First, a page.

The Center for Rural Policy and Development in St. Peter came out with a report on Thursday that doesn't really surprise us. It really validates the suspicions and fears many have had about the future state of rural roads in Minnesota.
The study, "Roads Less Traveled," concludes that the state is falling farther and farther behind on maintaining our roads and bridges. And as money gets tighter, it will be harder for rural road projects to get the funding they need.
The study points out the shortfalls projected by the Minnesota Department of Transportation in the draft of its 20-year plan. It can currently budget $18 billion over the next 20 years, but the agency also projects it will need $30 billion just to keep up on maintenance of roads and bridges.
The report details how the gas tax has been holding steady or declining as a source of transportation project revenue over the past decade, and how inflation is eating away at the gas tax's buying power.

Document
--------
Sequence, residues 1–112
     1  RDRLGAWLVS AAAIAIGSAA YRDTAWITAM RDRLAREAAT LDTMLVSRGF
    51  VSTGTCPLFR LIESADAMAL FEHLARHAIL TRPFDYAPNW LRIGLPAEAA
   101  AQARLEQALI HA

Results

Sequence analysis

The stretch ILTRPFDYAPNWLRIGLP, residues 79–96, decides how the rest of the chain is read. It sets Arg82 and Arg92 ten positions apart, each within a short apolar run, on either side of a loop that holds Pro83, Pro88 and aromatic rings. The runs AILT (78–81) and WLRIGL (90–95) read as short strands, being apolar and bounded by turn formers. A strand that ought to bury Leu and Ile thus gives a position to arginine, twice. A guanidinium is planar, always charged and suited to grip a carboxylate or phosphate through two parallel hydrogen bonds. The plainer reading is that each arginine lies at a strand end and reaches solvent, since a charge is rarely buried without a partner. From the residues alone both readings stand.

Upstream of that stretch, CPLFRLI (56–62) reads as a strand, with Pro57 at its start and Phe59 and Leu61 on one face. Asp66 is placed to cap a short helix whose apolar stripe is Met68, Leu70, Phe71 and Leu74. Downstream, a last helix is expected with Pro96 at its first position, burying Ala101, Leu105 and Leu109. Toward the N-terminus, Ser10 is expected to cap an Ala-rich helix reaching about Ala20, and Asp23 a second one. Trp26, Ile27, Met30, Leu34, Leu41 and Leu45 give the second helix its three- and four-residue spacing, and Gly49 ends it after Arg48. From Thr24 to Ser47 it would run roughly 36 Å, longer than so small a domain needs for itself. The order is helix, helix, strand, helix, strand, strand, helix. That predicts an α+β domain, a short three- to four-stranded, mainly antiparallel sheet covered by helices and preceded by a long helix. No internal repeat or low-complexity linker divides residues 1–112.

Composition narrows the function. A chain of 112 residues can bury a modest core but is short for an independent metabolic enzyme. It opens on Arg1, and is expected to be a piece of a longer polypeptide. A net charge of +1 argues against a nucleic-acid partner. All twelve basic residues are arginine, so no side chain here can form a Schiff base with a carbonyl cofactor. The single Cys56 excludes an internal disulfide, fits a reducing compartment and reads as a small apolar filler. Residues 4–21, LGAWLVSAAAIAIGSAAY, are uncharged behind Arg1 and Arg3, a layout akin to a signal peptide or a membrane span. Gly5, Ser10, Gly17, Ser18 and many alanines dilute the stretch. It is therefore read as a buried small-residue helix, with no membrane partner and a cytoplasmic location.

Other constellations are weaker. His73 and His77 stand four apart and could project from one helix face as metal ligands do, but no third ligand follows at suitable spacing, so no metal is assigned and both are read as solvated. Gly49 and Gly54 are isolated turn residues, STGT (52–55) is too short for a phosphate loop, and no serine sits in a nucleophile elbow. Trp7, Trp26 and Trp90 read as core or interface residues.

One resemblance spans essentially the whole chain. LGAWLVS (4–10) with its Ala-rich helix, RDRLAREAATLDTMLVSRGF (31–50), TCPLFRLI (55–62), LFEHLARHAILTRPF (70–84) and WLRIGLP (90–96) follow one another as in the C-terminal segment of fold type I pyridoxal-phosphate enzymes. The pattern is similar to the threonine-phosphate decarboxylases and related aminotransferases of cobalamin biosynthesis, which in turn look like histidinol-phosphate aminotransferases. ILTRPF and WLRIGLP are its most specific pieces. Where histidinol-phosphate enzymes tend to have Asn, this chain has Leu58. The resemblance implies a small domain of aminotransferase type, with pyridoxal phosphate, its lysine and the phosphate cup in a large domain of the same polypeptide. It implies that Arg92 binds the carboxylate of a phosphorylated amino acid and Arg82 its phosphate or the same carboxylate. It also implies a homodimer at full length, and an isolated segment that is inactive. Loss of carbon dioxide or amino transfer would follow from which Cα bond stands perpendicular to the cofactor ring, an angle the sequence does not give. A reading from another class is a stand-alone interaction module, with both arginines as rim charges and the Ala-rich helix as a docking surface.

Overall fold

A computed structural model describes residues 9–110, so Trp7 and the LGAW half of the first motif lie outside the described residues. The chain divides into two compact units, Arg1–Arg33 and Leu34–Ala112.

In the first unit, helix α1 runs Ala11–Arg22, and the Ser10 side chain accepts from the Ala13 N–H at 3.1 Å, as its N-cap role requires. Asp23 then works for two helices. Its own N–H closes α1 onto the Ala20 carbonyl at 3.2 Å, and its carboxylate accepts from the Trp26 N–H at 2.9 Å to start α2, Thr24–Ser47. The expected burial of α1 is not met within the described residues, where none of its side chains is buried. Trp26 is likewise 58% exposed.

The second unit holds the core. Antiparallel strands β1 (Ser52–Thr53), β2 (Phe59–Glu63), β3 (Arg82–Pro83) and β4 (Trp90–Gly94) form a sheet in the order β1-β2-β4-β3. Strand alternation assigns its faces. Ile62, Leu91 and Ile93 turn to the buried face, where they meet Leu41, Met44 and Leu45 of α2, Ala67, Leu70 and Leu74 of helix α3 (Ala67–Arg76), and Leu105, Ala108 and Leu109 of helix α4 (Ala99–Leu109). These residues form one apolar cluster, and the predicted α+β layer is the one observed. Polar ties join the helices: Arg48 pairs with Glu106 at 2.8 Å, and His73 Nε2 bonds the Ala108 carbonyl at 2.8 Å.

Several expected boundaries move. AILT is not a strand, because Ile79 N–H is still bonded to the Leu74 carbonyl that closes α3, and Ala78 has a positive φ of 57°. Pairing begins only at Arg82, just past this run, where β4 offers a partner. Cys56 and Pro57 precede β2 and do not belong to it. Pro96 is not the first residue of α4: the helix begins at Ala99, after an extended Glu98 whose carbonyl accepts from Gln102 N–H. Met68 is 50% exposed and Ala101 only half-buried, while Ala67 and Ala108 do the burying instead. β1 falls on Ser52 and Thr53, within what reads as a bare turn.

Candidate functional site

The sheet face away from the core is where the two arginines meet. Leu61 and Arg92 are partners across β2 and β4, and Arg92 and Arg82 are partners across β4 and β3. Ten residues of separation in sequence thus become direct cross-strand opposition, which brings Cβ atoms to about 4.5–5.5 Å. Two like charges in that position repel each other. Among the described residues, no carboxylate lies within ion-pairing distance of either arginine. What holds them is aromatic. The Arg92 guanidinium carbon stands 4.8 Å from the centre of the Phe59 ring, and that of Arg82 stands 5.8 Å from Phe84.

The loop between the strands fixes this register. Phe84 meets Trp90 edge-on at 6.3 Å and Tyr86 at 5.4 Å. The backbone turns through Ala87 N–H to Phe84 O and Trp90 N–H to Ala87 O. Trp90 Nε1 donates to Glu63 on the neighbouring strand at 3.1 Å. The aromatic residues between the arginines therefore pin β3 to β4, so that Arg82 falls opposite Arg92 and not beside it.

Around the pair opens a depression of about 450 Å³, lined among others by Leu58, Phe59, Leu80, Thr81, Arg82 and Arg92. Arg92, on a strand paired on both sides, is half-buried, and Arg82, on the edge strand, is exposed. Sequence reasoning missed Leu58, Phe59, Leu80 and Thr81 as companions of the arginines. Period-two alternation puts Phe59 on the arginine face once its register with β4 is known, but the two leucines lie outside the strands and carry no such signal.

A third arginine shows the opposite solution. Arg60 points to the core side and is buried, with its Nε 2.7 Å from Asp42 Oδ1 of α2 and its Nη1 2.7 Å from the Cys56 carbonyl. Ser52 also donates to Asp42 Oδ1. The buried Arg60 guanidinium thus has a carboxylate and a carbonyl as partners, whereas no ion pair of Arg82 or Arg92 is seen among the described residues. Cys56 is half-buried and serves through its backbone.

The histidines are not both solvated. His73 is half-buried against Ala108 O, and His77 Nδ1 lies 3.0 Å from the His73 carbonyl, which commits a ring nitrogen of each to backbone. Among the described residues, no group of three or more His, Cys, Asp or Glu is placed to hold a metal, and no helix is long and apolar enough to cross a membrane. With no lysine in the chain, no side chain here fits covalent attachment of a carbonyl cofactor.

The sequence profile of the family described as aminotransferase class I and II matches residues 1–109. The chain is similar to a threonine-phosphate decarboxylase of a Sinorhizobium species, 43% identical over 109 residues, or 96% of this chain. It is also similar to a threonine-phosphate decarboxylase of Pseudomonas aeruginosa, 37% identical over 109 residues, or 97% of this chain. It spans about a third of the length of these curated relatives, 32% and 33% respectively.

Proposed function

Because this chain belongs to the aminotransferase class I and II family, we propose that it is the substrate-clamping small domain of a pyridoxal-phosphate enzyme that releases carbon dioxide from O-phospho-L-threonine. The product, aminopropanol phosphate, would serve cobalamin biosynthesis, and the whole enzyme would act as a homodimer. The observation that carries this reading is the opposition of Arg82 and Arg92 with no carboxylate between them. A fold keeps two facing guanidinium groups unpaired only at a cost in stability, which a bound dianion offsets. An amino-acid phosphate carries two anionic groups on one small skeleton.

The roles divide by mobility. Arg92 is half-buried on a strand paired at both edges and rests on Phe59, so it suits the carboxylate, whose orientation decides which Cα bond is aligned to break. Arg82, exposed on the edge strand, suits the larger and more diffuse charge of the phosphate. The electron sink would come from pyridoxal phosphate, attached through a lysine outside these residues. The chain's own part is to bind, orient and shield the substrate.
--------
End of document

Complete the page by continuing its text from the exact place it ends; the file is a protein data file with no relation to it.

It also points out the concentration of population and legislative seats in the metropolitan area will make it difficult for rural legislators to get attention for our projects, and how new federal legislation is concentrating federal resources on the biggest, most heavily traveled roads.
It is essential that the state explore new sources of funding to replace or supplement the gas tax. There is no one easy solution, but a mixture of options must be considered, from expanding sales taxes dedicated to public transit, expanding local government revenue options, toll roads, taxing vehicles by weight, to public-private partnerships and other options.
As we said, this report states the obvious, but it is an issue that needs to be stated and restated until some real action is taken to address it.